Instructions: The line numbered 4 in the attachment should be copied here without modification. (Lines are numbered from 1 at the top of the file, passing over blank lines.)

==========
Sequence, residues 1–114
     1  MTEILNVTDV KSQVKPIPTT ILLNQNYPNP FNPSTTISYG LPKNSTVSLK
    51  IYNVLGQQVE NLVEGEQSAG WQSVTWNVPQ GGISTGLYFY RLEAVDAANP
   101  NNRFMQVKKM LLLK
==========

   101  NNRFMQVKKM LLLK